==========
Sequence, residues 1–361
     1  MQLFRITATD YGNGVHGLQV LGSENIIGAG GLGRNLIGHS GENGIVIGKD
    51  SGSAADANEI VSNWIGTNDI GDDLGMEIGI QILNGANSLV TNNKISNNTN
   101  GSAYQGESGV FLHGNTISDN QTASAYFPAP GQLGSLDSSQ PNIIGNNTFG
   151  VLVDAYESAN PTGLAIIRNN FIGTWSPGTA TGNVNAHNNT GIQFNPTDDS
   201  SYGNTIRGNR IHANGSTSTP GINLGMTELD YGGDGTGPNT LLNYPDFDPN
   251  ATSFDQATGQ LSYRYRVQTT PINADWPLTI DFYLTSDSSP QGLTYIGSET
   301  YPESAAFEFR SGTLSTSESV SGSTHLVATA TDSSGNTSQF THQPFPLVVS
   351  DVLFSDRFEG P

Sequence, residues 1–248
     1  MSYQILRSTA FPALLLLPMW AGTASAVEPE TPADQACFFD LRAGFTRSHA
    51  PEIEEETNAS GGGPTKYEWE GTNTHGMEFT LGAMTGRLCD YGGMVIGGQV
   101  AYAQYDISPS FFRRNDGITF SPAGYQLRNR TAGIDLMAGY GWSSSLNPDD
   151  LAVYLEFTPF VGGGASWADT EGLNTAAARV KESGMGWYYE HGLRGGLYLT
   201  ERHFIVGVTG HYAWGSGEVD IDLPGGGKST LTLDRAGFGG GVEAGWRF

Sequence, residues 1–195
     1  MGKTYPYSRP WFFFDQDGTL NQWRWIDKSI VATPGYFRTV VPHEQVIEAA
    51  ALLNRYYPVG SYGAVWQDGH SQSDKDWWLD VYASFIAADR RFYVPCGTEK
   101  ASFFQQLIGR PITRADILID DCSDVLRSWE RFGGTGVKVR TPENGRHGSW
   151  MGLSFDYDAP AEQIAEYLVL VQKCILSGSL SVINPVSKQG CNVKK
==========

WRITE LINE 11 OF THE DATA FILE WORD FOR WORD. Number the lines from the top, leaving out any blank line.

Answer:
     1  MSYQILRSTA FPALLLLPMW AGTASAVEPE TPADQACFFD LRAGFTRSHA